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Spicy Beef Slices with Tangerine Peel

I just purchased a copy of Land of Plenty: A Treasury of Authentic Sichuan Cooking by Fuschia Dunlop. It came very highly recommended, and rumor has it that this is the best text on Sichuan cooking available in English today. I’m very excited and looking forward to trying out a whole lot of Dunlop’s recipes.

For my first attempt at one of the recipes from this book, we made spicy beef slices with tangerine peel for dinner. Our kitchen has never smelled so thrillingly similar to a Chinatown restaurant before.

The flavor is rich, hot and fruity and almost floral (in a meaty sort of way), and the first deep frying of the beef looked like it added a wonderful textural component. The Sichuan peppers actually help with the heat, because the slight tingly numbness makes it easier for me to handle more than I otherwise could. I would definitely make this again, with the changes described below.

I am posting about this not-yet-perfected recipe now to let you share in my excitement, and to show how the process of adapting recipes tends to begin around these here parts.

A note to anyone new to Sichuan cooking: I know the idea of buying a whole set of ingredients for a new cuisine can be intimidating. They may be hard to find, and developing a thorough pantry can get expensive. Let me reassure you, developing a Sichuanese pantry is not actually all that pricy or difficult after all.

I went to the first Chinatown supermarket that came to mind (the one on the corner of Elizabeth and Hester). Armed only with a handwritten shopping list and a digital camera containing photos of the kanji, and spending a total of $18.04, I was able to purchase almost everything I need to stock up on right now to make a lot of the recipes I want to try out from the book.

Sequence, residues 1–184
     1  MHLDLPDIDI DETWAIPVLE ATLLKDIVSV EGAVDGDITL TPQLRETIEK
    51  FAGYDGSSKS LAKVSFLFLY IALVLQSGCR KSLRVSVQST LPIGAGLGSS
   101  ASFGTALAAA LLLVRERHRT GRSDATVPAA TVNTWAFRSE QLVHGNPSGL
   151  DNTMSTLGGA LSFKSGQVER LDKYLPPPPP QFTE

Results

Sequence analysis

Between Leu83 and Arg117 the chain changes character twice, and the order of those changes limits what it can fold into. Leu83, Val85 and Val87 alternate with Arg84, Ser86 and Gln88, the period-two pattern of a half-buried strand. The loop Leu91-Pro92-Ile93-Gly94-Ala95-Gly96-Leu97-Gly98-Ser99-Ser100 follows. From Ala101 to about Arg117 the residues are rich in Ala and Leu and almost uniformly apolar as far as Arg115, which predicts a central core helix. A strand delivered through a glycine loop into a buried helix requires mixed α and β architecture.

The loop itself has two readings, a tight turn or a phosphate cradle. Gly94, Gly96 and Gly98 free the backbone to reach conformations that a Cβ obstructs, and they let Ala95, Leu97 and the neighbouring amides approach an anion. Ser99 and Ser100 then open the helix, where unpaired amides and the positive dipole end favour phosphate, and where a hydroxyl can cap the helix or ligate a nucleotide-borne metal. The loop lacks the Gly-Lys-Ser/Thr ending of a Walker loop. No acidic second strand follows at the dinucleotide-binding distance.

Spicy Beef Slices with Tangerine Peel
1 lb. lean beef
Oil for frying (I used corn oil; peanut oil is more traditional)
For the marinade
1 1/2″ piece fresh ginger
1 scallion
1/2 tsp salt
2 tsp Shaoxing rice wine (I used 2 tbsp)
For the sauce
3/8 C dried tangerine peel
A handful of dried Sichuanese chiles (I would use a child’s hand instead of a man’s, next time)
2 tsp Sichuan peppers
1 C chicken stock
1/2 tsp salt
3 tsp sugar
1 tsp dark soy sauce
1 tbsp Shaoxing rice wine
For drizzling at the end
1 tsp sesame oil
Salt to taste

Set the tangerine peel to soak in enough cold water to cover it. If you start it soaking right before you run out to get your meat, it should be just enough time.

(I am told that if you dry your own tangerine peel instead of using the store-bought kind, it is more flavorful, more fragrant, and more brightly colored. Me, I’m going to start drying lime peels so I can make a lime version of this dish next.)

Cut the beef across the grain into equal-size pieces, about 2 1/2″ square and 1/8″ thick. Crush the ginger and scallion, then chop. Put the beef in a bowl with all the marinade ingredients and let sit for about half an hour.

Cut the chiles in half (if you are using the short kind) or into 1 1/2″ sections (if the long kind) and discard the seeds.